We’re finally getting some mainstream electric vehicles (EVs). Tesla has pretty much owned the luxury long distance EV market with the Model S, X and now the Model 3. The range for these vehicles is well in excess of 200 miles, which other manufacturers have failed to match (with the exception of the Chevrolet Bolt) until recently.
Enter the 2020 Hyundai Kona Electric. With 238 miles of range, it’s now a contender in the long drive category. And, after a recent major re-do, the 2020 Nissan LEAF comes close to matching Kona in range.
We maintain that a car is a car is a car. It gets you from point A to point B, in a style that depends on your pocketbook. Whether the vehicle is powered by electrons or carbon, it’s still a car. You’re still going to need carrying capacity, great handling, responsive steering and brakes, and to live with it every day.
EVs are still relatively expensive. There are many advantages to EVs; fewer moving parts and no regular tune ups or oil changes. The brakes tend to last a very long time because almost every EV turns the wheels into generators while braking to recharge the battery. If you’re in a private home, charging can be a breeze. Simply plug it in at the end of the day and by morning you’re ready to go.
If you want a great guide to EVs, check in with our good friends at Plug ’n Drive, where you can test drive an EV and get all the facts you can ask for, all without the pressure to buy.
Enough preamble. Let’s see how these two relatively affordable EVs stack up against each other. We’ve chosen the 2020 Hyundai Kona Electric Limited versus the 2020 Nissan LEAF Plus SV + Technology Package to compare.
Dollars and Sense
These two vehicles are very close in price. They come with a high level of standard equipment, which you’d expect with at $40,000+ price tag. That darn battery is so expensive. The good news is that the cost of the battery is coming down every year. If you look at total cost of ownership, you’ll need to keep an EV at least eight years to break even over the cost of a gasoline powered vehicle. However, speaking as an owner of a fully electric vehicle and a plug-in hybrid electric vehicle, once you drive one, you’ll be hard pressed to go back to gas only.
Hydro Quebec has a fun calculator comparing the cost of gas powered vs electric powered vehicles. It’s an eye opener. If you want your brain to hurt, read the McKinsey study on how EVs will catch up to gas powered vehicles in affordability in the very near future. And Forbes has a very straightforward article on the types of driving and use that will benefit an EV owner.
Now, for the nitty gritty.
Competitive Comparison: LEAF versus Kona
The LEAF has an Automobl Value Advantage of $4,200. If you look at the top features for LEAF, the Adaptive cruise control and Conditional driving autonomy (Nissan calls it ProPILOT Assist) are the main components of the LEAF’s win. Even the LEAF SV without the Tech Package has added features like backup automatic emergency braking, blind spot intervention and rear sonar parking assist.
The question you need to ask yourself: do you want these types of features, or are you more predisposed to luxury items found on the Kona Limited. Leather seats, moonroof, more torque, a wireless charger for your phone are all items that you’ll touch and feel everyday with Kona. You can step up to the Kona Electric Ultimate trim level to get features like Adaptive cruise control, Navigation system and Rear sonar parking assist, but you’ll spend an additional $3,600 to do it. (We took a peek and the LEAF SV + Tech Package wins the Automobl Value Comparison against the Kona Electric Ultimate Package too).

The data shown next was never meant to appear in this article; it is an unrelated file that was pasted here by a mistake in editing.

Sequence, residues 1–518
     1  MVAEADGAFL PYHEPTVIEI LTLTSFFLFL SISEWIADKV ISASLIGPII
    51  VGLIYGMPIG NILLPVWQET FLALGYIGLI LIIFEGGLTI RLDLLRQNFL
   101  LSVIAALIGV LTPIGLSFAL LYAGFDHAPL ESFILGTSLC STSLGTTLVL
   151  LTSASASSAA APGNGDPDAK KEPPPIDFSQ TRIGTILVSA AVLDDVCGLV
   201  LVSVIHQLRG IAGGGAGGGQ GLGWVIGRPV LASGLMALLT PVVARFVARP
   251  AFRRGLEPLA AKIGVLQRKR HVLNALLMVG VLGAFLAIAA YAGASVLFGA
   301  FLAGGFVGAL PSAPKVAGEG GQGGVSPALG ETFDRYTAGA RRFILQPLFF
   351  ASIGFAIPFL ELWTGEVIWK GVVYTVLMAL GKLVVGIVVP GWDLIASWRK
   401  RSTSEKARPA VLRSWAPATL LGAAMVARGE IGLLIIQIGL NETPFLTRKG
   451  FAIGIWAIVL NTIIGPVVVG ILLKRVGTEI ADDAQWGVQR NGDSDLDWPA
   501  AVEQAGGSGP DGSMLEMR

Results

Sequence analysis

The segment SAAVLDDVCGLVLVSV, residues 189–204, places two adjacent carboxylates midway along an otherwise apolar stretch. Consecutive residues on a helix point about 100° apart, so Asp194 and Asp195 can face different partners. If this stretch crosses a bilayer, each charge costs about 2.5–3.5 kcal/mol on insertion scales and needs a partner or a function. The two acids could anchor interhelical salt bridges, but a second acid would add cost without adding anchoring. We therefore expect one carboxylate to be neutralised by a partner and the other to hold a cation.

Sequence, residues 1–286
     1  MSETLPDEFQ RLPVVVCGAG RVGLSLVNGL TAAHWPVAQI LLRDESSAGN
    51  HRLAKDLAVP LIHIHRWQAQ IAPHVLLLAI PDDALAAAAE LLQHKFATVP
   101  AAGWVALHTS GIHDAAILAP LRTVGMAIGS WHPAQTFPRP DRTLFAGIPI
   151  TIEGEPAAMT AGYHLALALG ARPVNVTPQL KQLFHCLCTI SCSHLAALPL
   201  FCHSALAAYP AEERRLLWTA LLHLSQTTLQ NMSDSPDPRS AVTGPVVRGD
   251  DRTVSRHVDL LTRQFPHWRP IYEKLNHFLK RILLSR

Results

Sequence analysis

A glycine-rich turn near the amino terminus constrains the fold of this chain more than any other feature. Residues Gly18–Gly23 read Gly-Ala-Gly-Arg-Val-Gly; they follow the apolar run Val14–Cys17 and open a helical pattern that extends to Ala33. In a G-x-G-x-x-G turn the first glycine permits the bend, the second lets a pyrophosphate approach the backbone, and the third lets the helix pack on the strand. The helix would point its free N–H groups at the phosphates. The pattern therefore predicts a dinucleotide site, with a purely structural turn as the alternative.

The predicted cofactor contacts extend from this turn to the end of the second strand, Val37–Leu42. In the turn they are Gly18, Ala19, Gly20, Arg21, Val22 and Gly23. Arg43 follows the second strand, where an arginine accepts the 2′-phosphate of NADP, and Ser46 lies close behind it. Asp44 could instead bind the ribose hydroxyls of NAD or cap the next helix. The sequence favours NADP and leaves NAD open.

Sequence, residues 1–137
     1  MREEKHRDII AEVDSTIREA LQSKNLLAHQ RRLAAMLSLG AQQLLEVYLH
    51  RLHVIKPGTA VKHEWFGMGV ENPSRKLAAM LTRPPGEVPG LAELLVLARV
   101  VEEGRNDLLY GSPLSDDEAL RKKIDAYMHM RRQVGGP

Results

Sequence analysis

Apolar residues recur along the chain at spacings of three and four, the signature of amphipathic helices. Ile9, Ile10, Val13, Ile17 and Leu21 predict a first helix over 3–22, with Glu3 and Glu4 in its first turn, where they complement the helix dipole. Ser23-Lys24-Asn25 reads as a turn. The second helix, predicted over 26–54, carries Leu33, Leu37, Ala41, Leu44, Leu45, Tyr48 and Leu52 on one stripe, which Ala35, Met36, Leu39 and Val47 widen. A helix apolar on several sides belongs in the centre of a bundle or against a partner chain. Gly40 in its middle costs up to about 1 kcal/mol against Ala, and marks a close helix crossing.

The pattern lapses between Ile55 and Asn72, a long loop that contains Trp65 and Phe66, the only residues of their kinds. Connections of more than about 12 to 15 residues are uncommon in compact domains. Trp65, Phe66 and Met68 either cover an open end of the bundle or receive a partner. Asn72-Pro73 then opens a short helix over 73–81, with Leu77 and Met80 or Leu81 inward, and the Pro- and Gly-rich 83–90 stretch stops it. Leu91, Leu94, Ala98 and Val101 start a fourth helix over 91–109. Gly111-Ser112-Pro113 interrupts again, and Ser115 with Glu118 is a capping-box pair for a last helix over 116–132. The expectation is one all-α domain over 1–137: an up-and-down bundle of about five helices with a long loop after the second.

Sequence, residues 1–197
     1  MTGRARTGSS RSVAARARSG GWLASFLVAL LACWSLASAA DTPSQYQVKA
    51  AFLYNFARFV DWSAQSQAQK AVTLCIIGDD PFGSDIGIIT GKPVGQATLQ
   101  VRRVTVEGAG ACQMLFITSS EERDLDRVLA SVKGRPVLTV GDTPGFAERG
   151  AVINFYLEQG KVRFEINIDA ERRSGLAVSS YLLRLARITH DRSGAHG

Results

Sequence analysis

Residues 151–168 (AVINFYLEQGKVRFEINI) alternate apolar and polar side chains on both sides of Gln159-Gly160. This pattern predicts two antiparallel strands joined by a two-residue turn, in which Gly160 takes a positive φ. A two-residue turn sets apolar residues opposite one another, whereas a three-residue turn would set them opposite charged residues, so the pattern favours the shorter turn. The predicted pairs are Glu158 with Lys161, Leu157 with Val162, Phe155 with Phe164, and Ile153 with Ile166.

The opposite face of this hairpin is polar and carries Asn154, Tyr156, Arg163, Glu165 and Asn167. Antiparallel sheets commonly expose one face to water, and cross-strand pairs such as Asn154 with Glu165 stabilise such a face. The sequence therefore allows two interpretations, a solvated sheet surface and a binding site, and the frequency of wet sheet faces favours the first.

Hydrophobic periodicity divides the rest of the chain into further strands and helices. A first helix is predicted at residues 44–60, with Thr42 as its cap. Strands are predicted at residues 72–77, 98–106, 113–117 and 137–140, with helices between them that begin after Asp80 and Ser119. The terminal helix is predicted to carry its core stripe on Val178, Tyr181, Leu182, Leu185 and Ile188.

How do these vehicles measure up?
Both vehicles have an interior volume of 92.4 cubic feet. But they distribute it differently. LEAF has a longer wheelbase, and we love a long wheelbase for improved ride comfort. LEAF gives up a lot of cargo area in trade for more front headroom. However, LEAF’s rear passengers benefit from more rear legroom than Kona.
The all-important total range comes into play. Kona has about 10% more range than LEAF, though this can vary by driving style, going up and down hills, stop and go traffic versus highway driving and temperatures. In addition, you can count on losing anywhere from 20 to 40 percent of your range in the coldest days of the winter. Fortunately, most EVs have battery warming modes to make sure you get the most range possible. Plus, if you’re in colder climates, you can crank the heat in an EV and melt the snow right off the windows before you pull away. The vehicle uses the power from your home, rather than the battery, until you’re ready to leave. You don’t even have to step outside to do it, just use the app on your phone to start the heating system. It’s not the best use of electricity, but it should be much cleaner than turning a gas powered vehicle on for an hour before you depart.
How to spend your electrons?
We’ll be seeing more of these kinds of affordable EVs in the near future from Volkswagen, General Motors and other manufacturers. Look at these as leading edge vehicles, rather than bleeding edge. LEAF benefits from almost a decade of development, and Hyundai and other manufacturers are catching up at a rapid rate. Do your research, compare the trim levels using the Automobl Comparison Tool, and confirm for yourself that you’re finally ready to take the EV plunge.